- What strategies have competitors adopted and were they successful?
- What workloads need to be migrated (in order of priority) and will application modernization be also required?
- Do we have the expertise required for a cloud migration internally or will we need outside expertise?
It’s common for companies to overlook the last question and depend solely on internal IT staff who, while proficient with on-premises IT and software, may not possess the required level of experience and expert advice that an outside migration team will bring. More importantly, hiring at least, a cloud migration officer is a must for most companies who will help with everything from assessing and planning to actually carrying out the migration and optimization.
Choose the right cloud migration strategy
The goal of any company should be to make the migration as uneventful as possible and that can be achieved with comprehensive planning. Therefore, after the assessment, the planning stage begins which includes preparing the right migration strategy. The cloud migration officer will prepare a unique cloud migration strategy according to your company’s unique goals and requirements. That said, almost all cloud migration strategies are derived from 6 broad migration strategies, known as the 6 R’s of Cloud Migration.
Popularly known as “lift and shift”, rehosting is the most cost-effective cloud migration strategy. It involves simply redeploying the codebase in a cloud-based environment. Rehosting is fast and gives companies the option to optimize down the line with much smaller upfront investment. The disadvantage of this is that the deployed apps may lose some functionality and have glitches/bugs.
Replatforming is very similar to rehosting and usually involves changing the cloud vendor or using a different cloud service with the same vendor (for instance, using the Kubernetes Engine instead of the App Engine). Replatforming has the same benefits as rehosting but requires more optimization.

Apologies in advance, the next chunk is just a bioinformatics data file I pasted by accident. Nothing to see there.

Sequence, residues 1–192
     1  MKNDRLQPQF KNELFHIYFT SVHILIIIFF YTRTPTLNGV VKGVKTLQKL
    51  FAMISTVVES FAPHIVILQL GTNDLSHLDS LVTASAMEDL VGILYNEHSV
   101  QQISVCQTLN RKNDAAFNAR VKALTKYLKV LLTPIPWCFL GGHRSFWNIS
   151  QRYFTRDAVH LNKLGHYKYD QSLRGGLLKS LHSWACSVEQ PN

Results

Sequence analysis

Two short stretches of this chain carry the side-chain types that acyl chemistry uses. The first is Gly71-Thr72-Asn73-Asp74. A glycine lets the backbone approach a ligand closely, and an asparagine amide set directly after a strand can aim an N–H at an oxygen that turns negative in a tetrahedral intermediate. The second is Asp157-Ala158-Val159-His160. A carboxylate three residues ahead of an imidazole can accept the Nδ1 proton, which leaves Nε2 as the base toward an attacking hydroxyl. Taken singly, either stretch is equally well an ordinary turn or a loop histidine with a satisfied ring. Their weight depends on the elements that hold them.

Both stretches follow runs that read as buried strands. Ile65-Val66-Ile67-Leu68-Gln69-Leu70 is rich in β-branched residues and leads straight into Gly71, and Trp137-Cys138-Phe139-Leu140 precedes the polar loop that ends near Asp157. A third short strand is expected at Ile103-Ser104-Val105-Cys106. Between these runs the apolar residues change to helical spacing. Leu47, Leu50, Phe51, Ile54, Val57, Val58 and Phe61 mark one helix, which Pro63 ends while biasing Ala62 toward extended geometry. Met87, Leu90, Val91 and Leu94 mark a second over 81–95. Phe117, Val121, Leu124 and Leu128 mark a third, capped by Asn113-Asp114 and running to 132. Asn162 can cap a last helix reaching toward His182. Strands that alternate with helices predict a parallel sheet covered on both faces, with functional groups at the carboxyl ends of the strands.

3. Refactoring / Rip and Replace
Refactoring, also known as re-architecting or rip and replace, is a cloud migration strategy that involves changing the IT architecture. Most legacy businesses still have a monolithic architecture which is slow and not very scalable. During cloud migration, companies can choose a serverless architecture that unlocks a whole world of potential. Note that this requires more time and effort than the previous two strategies.
In some cases, companies may find existing cloud-based software that can replace their on-premises solutions by purchasing a license to that software, service, or platform and using the third-party vendor’s platform instead. This cloud migration strategy is known as “drop and shop”.
Retiring refers to abandoning parts of the codebase entirely (including standalone applications) that are obsolete and only migrating part of the code to the cloud as a foundation. This is cheaper when optimizing existing applications/code requires more effort than simply building from scratch.
Retaining is a unique cloud migration strategy where parts of the infrastructure are kept on-premises while some parts are migrated to the cloud. Common reasons for retaining include cost, security, and size of the application.